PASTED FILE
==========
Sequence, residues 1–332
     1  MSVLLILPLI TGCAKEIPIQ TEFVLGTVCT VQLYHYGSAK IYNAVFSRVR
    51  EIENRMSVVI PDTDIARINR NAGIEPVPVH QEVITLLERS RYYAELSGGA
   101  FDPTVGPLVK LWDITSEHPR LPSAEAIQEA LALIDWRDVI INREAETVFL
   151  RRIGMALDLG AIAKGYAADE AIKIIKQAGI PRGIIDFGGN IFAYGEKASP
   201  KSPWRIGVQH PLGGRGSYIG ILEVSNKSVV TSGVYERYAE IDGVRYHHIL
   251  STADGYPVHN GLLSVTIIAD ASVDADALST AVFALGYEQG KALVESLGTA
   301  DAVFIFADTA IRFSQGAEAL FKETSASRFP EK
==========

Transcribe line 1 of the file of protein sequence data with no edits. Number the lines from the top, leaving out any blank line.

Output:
Sequence, residues 1–332